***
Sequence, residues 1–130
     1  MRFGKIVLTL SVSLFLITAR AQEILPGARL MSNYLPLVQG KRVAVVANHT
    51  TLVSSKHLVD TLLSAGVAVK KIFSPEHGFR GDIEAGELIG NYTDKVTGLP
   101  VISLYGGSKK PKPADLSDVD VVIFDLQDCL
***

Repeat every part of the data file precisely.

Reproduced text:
Sequence, residues 1–130
     1  MRFGKIVLTL SVSLFLITAR AQEILPGARL MSNYLPLVQG KRVAVVANHT
    51  TLVSSKHLVD TLLSAGVAVK KIFSPEHGFR GDIEAGELIG NYTDKVTGLP
   101  VISLYGGSKK PKPADLSDVD VVIFDLQDCL